Suppose I had a hand like the following: (s) KJxx (h) xxx (d) AJx (c) AKx. If I were the opening bidder, I would, of course, bid 1NT. (Note to commenter below: In this paragraph, I was describing a "generic" balanced 4-3-3-3 16 hcp "no trump" hand with honors in three suits. This was NOT a specific question about the particular hand configuration above.)
If someone opened in front of me with 1 club, diamond, or spade (all of which I have a stopper in), but not 1 heart, I would still bid 1NT as an overcall.
The earliest I could do this is in the second seat, after the original bid. In this case, I know little about the holdings of either the opponent's partner or mine, except that they are constrained by the strength of the first two bidders.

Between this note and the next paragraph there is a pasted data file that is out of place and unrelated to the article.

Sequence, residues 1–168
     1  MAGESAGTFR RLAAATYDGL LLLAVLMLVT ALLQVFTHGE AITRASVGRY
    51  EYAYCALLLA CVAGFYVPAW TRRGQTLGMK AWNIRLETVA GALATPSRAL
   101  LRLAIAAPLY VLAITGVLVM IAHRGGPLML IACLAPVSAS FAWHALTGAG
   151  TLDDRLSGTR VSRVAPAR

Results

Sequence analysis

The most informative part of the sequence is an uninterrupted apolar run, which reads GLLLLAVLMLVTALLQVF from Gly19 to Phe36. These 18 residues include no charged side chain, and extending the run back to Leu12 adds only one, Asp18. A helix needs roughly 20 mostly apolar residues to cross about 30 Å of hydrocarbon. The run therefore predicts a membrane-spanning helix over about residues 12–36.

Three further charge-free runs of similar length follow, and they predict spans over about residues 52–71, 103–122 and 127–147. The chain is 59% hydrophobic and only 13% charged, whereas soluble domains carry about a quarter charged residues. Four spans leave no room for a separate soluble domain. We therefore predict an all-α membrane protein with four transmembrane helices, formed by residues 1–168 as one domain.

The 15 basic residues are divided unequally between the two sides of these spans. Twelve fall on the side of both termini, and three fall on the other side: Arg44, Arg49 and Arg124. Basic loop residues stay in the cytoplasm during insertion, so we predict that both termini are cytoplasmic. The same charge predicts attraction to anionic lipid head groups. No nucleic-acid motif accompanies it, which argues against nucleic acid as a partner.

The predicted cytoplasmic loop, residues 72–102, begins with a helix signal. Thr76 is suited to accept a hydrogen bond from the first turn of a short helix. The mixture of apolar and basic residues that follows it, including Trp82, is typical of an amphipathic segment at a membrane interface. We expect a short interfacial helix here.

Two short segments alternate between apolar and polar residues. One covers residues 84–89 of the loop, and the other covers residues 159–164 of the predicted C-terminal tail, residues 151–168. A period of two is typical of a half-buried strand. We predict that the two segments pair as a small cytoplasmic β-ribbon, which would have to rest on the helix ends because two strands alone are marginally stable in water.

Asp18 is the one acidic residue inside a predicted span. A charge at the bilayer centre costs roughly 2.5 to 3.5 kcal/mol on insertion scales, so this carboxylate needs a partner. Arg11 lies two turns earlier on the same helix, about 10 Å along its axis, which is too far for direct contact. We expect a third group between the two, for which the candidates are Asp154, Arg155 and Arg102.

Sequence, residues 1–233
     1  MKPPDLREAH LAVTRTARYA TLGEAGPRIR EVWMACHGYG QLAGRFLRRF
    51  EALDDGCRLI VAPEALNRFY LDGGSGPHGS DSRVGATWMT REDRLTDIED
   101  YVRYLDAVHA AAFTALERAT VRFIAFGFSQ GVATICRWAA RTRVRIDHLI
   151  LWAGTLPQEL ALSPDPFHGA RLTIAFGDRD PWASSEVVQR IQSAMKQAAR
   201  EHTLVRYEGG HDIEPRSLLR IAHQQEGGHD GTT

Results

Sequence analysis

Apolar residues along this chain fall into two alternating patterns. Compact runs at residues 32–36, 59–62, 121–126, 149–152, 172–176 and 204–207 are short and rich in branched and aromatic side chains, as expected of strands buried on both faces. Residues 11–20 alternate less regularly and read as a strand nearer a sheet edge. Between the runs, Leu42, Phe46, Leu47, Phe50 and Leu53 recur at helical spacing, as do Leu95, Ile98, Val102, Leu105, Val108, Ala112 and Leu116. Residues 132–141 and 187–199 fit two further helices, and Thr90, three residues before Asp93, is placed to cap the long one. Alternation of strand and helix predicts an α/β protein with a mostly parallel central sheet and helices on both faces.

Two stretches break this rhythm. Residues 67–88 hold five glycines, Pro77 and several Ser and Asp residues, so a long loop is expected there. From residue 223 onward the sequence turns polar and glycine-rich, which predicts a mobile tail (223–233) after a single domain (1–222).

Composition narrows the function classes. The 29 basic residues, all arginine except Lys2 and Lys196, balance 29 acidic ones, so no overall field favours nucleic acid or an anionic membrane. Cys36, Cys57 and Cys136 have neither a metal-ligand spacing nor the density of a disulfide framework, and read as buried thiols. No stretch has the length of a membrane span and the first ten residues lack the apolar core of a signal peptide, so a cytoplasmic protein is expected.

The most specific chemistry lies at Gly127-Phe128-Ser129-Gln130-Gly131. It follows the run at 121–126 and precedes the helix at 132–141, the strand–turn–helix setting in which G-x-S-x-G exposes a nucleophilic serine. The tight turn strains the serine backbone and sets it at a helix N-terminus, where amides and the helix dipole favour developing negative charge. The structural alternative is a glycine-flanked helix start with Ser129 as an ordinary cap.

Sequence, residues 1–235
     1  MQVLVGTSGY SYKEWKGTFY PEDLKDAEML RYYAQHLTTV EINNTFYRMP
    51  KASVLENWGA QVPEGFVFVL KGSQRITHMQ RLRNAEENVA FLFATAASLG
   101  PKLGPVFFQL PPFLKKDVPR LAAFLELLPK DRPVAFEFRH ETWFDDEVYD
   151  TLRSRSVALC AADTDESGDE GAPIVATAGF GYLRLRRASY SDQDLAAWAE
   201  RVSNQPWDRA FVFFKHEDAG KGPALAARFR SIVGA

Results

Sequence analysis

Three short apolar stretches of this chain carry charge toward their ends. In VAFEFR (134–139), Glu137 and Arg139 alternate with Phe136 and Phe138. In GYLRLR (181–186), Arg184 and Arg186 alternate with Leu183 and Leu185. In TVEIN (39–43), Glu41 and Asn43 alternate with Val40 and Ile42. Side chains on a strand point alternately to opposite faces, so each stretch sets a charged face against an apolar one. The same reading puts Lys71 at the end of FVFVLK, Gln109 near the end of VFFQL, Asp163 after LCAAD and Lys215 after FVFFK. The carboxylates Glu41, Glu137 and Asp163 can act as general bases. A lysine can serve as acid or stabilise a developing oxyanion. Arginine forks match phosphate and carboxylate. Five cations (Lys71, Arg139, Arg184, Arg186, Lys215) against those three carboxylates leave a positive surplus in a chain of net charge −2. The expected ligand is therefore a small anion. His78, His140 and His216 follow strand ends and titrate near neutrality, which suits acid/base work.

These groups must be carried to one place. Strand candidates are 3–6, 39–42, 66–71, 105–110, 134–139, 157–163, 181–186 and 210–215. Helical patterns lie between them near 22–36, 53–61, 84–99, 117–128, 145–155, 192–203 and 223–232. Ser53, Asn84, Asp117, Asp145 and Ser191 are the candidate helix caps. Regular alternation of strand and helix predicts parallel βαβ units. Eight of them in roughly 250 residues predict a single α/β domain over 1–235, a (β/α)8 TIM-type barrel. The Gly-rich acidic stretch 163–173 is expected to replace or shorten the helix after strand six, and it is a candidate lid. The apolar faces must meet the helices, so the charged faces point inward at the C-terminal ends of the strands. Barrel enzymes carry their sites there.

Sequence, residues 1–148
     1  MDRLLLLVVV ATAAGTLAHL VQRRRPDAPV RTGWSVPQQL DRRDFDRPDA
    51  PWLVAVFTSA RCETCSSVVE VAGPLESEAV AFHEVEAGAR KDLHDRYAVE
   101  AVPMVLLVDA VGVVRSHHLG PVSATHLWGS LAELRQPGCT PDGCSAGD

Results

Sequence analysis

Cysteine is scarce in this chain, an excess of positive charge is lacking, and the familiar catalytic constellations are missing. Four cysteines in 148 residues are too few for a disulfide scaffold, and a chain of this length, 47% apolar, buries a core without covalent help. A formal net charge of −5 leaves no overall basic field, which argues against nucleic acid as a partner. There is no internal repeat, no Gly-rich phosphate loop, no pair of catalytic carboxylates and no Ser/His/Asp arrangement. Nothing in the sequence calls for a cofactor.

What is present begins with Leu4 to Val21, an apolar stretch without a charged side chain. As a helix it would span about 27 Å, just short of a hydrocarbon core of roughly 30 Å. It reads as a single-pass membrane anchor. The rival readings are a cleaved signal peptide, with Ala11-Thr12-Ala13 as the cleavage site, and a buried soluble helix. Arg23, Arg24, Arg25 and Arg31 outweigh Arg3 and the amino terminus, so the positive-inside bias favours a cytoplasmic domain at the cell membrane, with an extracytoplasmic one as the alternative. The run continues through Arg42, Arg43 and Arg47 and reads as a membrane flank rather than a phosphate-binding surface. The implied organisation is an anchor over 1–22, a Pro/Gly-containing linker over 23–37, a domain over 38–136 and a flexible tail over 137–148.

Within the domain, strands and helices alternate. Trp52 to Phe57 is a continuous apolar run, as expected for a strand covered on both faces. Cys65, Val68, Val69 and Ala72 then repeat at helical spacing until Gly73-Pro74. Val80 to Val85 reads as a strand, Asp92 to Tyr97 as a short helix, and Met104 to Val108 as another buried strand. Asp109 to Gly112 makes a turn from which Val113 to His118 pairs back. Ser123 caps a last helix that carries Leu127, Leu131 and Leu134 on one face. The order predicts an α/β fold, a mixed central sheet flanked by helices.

If I overcalled in the third seat, I would know that my partner (first seat) was a passed hand but I wouldn't know this about my opponent's partner (fourth seat).
If I overcalled in the fourth seat, I would know that both my and the opener's partners had passed hands.
If the "one bid" came from the first seat instead of the third seat, I would be in the "balancing" seat, and possibly overcall 1NT with 12-14 points.
Do I need to be more careful in the third seat, since I might be sandwiched between two strong opponents?
If the "one bid" came from the third seat after two passes, can I overcall light in the fourth seat as if I am "balancing," even though technically I'm in the direct seat? Expert Larry Cohen calls this "balancing in the direct seat" and advocates this.
If opener bid a suit in which I have stoppers (that is, other than hearts), can I worry "less" about he heart suit, on the theory that since opener didn't show strength in hearts, my partner and the opener's partner are equally likely to have strength in that suit?